Gear oil is vital to your final drive. And whether it's a track motor on a compact excavator or a wheel motor on a hard-working skid steer loader, you need to know the answers to these questions to ensure good performance and a long life.
Here are a few other Shop Talk Blog posts you might find useful:
- Diagnosing a Final Drive Motor That is Screeching
- The Basics Of Final Drive Motor Seals
- Travel Drives Gone Wild
A Few Basic Facts About Gear Oil
Gear oil (also called gear lube) is a special type of oil that lubricates the planetary gear system in your final drive. As such, it must have enough viscosity to do a good job of coating the bearings, gear teeth, and axle while not being so thick that it makes it difficult for those components to do their job. The fact that it is a lubricant means it should be able to reduce friction and aid in carrying away generated heat from key components. And it must be clean of contaminants that could lead to abrasion or corrosion.
What Type of Gear Oil Should I Use in my Final Drive?
Let's preface this by saying you should always use what the manufacturer of your equipment recommends. And for planetary gears, they usually recommend 80/90W. Note that this type of gear oil contains an EP (extreme pressure) lubricant that may give it a sulfurous smell. EP gear oil is made to provide excellent lubrication coverage despite the high forces and torques involved with a speed reducing planetary gear set.
When Should I Check Gear Oil Levels?
Gear oil levels should be checked about every 100 working hours. If you notice the levels seem to be low, its fine to top it off with some clean gear oil of the same type. Don't mix different types of gear oil, however -- and don't use grease if the gear oil has leaked completely out. In fact, if you notice that you have to top it off almost every time you check it, then you should check for a leaking seal.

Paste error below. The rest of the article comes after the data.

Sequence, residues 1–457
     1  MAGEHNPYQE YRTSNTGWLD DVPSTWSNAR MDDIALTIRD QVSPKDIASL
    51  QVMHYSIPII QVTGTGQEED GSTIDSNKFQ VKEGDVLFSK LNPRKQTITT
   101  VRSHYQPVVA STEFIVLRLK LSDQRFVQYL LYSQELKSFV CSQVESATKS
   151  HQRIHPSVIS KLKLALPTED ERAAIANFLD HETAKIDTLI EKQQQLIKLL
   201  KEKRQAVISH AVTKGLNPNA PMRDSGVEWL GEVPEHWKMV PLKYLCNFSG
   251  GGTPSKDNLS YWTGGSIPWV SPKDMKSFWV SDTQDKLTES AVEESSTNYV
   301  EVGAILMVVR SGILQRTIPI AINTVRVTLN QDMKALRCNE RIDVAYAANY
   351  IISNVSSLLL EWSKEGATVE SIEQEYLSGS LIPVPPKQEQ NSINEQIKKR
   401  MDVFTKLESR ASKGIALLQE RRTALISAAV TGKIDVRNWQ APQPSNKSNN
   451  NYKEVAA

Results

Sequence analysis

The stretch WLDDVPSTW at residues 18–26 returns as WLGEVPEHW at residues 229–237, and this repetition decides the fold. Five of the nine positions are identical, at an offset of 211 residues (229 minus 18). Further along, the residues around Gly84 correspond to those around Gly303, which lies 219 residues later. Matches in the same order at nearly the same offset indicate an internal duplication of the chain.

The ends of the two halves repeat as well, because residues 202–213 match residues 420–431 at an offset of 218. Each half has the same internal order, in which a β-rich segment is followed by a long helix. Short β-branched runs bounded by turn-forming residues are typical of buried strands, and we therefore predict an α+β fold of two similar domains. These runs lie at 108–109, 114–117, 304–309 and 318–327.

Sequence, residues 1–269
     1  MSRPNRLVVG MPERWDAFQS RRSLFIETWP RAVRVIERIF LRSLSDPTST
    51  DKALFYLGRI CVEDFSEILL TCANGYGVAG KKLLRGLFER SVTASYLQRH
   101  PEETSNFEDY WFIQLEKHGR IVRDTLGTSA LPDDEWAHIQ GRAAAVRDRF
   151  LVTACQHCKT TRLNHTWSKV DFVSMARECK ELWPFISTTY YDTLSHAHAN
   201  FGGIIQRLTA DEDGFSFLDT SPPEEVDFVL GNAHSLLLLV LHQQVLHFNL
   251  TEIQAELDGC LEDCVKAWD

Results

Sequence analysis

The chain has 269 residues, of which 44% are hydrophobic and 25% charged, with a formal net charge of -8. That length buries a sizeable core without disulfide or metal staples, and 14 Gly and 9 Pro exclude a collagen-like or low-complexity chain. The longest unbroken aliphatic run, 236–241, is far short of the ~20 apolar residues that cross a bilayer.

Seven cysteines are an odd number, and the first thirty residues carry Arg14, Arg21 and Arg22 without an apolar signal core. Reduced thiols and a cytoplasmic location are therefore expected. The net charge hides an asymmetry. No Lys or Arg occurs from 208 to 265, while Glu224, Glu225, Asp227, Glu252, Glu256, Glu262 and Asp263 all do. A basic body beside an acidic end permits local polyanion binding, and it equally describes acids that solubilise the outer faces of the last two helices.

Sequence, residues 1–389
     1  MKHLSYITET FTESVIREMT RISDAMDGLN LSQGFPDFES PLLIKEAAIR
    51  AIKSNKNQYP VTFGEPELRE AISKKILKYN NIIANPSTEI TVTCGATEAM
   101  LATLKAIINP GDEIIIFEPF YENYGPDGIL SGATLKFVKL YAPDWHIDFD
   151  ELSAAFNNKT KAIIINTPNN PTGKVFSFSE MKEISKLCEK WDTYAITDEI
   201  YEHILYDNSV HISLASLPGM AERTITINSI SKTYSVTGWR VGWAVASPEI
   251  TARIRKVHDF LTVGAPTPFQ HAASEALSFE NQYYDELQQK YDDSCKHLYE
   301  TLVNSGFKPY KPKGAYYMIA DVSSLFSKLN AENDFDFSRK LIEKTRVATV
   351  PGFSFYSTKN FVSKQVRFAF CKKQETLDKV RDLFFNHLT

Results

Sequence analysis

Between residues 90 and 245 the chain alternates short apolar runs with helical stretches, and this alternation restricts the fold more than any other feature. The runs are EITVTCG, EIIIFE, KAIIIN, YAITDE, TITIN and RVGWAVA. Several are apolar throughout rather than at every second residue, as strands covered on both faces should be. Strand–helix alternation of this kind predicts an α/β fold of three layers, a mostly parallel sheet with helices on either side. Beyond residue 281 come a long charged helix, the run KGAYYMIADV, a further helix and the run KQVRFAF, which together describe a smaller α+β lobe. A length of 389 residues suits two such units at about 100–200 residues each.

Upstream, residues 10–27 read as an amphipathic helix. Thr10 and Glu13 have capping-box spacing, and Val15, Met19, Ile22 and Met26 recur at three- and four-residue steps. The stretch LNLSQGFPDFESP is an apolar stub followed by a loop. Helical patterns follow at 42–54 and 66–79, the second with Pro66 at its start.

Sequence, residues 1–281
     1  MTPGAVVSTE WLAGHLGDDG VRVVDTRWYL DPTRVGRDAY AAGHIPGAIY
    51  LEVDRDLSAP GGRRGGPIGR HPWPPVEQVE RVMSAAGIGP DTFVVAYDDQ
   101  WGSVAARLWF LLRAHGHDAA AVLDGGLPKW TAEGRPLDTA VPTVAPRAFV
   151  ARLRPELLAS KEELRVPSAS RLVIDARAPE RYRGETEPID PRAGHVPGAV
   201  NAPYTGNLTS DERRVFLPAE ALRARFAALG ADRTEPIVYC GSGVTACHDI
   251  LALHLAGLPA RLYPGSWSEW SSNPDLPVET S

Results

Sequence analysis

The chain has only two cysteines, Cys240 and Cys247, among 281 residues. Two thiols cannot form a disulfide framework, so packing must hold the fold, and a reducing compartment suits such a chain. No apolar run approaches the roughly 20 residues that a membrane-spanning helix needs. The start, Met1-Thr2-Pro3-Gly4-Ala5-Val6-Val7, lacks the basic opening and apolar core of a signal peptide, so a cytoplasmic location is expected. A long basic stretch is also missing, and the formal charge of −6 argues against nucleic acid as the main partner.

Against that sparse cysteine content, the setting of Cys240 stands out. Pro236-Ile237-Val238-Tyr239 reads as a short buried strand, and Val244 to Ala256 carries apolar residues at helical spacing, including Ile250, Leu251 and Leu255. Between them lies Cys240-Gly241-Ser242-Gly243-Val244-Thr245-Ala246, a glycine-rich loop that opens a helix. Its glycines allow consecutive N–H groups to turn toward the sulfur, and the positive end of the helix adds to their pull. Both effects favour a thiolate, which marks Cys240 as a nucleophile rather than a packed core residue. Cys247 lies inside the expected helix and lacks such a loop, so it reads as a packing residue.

When Should I Change Out Gear Oil?
Gear oil should be completely changed out once a year -- and this is one of the most common maintenance tasks that people fail to perform. And technicians know when you haven't bothered to change out the gear oil. It will have a terrible odor associated with it, will be dark in color, and have a very thick consistency. And if you let the gear oil in your final drive motor reach that state, it's doing far more harm than good.
What If I See Metal in My Gear Oil?
You may see the metal slivers or powder in the gear oil when you drain it, or on one of the magnetic plugs when you check the gear oil levels. That is never a good sign, and likely points to a bearing that is beginning to fail or gear teeth / splines that are wear out fast. This is NOT something to ignore. If this is ignored, you may end up with a totaled final drive motor. When bearings fail, they can break into pieces and damage everything else in that planetary hub. Needless to say, that is a far more extensive and costly repair than simply replacing the bearings.
Is a Gear Oil Leak Bad?
The short answer is a resounding yes. When gear oil leaks out, then the planetary hub doesn't have enough lubricant to do its job without damaging the gears, bearings, and splines. But, to make matters even worse, a leak means that outside contaminants can also make their way inside the planetary side. Water, sand, grit, dirt, mud, silt, and more can work its way inside. Once there, these contaminants compromise the performance of the lubricants and damage critical surfaces, like the needles and balls in the anti-friction bearings.
Is Grease a Good Replacement for Gear Oil?
Sometimes you just don't have time to get the seals on your final drive replaced but you've got to keep running your machine. One thing you should NEVER do is add some grease to your drive motor in the hopes that it will keep everything lubricated until you can send your drive in. This does far more harm than good -- your drive was engineered to use gear oil, not grease.
Consider gear oil an investment in the life and operation of your final drive motor. And here's a quick summary the key maintenance tasks involving gear oil:
- Use the right gear oil and never mix different grades
- Check gear oil levels about every 100 working hours
- Change gear oil once a year
- Keep an eye out for signs of metal in your gear oil
- Don't ignore potential leaks!
Staying on top of these basic tasks will go far in keeping your final drive motor running smoothly!